In some parts of the ocean, dolphins and sharks clash. Often times it's the shark who instigates the fight, leaving the dolphin to defend itself. Most times, the shark will be the bigger fighter, but dolphins are faster and can get away.
Dolphins also travel in pods and their friends and family will step in and help defend them. Not only are dolphins faster, but they're smarter too. They don't put themselves into dangerous situations where sharks are around in the first place.
There Are Lots of Shark Attacks In Florida
In 2017 there were 31 shark attacks in the state of Florida. All of these shark attacks were unprovoked, but the good news is that none of them were fatal. With 88 attacks worldwide in 2017, Florida is home to about a third of them, according to Sun Sentinel.
The number of attacks has been steadily increasing since 2011. Researchers say it mostly has to do with the fact that there are more tourists going into the water, increasing the risk that someone is going to be attacked.
You Can Lower Your Risk of Being Attacked
Most of the time when humans are attacked by sharks, it's because the shark mistakes the human for a seal or other food. Once they bite the person and realize they're not what they thought they were, they let go and move on. There are a few things people can do to avoid being mistaken for shark food.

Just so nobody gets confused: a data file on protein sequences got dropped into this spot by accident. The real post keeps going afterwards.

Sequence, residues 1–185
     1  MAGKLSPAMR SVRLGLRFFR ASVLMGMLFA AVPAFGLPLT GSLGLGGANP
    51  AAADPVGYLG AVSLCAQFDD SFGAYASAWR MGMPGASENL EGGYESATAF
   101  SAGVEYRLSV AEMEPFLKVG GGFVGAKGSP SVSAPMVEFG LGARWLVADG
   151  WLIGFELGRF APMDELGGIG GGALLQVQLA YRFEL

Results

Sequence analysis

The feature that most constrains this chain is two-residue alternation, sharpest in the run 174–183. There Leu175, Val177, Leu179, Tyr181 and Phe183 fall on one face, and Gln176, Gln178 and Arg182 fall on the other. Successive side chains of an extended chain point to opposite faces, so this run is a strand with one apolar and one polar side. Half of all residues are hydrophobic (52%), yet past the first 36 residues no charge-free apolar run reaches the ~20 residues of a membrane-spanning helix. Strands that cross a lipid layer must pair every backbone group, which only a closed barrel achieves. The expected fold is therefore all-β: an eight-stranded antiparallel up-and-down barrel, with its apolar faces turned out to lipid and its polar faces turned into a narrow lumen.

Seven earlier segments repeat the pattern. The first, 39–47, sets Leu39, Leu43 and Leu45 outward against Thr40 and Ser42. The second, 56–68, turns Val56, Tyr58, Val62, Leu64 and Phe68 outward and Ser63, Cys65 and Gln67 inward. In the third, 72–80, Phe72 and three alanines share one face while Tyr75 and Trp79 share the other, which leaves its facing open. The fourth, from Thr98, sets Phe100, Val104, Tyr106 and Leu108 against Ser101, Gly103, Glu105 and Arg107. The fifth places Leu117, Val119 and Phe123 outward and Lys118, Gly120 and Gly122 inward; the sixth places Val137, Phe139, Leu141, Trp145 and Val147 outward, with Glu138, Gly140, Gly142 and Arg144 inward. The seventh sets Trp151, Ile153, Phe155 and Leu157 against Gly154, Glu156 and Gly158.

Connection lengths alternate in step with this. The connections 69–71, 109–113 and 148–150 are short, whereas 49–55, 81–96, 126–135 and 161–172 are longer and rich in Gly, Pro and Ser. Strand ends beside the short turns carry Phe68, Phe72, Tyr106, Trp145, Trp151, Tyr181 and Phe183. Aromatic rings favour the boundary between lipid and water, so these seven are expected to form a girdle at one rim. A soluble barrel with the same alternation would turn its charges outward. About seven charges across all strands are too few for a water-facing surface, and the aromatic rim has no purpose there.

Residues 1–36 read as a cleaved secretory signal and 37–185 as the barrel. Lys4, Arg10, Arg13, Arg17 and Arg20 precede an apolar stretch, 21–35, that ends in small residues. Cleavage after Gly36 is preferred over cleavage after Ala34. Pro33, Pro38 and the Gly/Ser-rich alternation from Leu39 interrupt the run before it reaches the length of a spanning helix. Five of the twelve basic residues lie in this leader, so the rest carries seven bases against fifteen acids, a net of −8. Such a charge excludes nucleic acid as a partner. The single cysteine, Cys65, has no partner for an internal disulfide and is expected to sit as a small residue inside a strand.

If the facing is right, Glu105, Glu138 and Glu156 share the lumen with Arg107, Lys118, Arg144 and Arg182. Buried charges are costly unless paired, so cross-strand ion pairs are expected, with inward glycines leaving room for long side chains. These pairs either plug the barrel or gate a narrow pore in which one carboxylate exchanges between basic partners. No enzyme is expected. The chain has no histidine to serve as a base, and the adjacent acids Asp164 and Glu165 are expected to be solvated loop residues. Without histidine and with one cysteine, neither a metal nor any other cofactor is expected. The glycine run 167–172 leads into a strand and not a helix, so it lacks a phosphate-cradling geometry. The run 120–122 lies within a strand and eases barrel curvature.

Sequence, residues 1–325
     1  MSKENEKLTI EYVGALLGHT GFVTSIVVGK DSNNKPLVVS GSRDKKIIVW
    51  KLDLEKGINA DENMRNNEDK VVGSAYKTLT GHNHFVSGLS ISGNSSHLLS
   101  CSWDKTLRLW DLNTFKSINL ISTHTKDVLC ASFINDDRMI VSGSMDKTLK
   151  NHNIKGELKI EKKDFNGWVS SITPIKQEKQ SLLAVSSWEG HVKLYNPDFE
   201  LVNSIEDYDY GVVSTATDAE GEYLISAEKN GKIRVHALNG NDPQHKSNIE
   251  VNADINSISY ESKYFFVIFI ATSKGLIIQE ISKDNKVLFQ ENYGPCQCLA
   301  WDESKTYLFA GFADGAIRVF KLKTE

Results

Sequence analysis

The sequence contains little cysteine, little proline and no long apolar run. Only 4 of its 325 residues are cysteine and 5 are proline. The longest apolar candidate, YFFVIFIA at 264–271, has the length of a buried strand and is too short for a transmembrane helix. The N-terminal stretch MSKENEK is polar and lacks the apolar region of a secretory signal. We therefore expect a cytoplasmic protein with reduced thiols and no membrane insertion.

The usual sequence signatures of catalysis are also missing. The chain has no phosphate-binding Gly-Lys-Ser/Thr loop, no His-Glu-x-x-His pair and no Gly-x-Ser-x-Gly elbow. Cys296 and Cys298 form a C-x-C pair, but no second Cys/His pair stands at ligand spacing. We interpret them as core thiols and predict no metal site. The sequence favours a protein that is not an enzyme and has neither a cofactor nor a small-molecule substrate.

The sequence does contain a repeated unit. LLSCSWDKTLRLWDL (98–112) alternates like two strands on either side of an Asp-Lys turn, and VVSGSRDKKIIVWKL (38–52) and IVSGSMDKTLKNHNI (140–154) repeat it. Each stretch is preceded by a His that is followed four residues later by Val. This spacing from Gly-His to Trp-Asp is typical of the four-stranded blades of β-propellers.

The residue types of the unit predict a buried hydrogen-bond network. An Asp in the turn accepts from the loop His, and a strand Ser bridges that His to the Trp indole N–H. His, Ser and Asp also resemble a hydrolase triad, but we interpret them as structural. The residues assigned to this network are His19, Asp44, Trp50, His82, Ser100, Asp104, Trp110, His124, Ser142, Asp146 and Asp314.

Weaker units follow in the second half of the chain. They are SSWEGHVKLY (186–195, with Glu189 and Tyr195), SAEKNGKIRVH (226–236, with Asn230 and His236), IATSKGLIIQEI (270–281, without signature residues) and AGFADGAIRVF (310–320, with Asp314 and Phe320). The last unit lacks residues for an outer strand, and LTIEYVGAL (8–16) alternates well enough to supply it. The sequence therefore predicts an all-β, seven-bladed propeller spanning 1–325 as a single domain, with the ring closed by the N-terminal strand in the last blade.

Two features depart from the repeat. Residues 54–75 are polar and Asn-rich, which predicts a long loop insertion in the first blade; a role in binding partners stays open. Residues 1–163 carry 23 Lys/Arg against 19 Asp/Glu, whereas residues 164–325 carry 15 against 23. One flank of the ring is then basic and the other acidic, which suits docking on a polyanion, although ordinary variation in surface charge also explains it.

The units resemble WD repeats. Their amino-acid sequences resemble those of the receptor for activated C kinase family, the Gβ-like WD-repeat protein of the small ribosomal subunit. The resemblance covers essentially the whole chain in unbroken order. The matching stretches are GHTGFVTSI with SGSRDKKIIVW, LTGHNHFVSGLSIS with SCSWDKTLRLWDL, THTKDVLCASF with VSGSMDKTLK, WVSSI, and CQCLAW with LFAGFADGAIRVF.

Sharks like to cruise at dawn and dusk. Avoid going into the water during these times. Also avoid shiny jewelry, schools of fish they may be chasing, and areas where the ocean floor drops off. That's where they like to hang out.
How To Fight Off a Shark
First of all, if you see a shark, or think there's a chance one is nearby in the water you're in, it's imperative to get out as quickly as possible. A group of surfers is safer than a lone swimmer, but shark attacks vary and everyone should always be alert.
If the shark approaches, you can punch it in the nose as hard as possible to scare it off, as this is a sensitive spot on the shark. If that's not an option, putting a surfboard or other object between yourself and the shark can offer the chance they'll bite the board instead. If you get bit, call the attention of others to help get you to the shore immediately, and use a surf leash or clothing to tie off the area and stop the bleeding.
Great Whites Eat a Lot More Than We Thought
In the 1980s researchers believed that great white sharks eat around 66 pounds of food to last them six weeks. However, they vastly underestimated the world's largest predatory fish. In fact, according to research completed at the University of Tasmania, they eat three-to-four times more than previously thought.
This means great white sharks are hunting down seals every few days, and regularly consume around 230 pounds of mammal blubber every six weeks.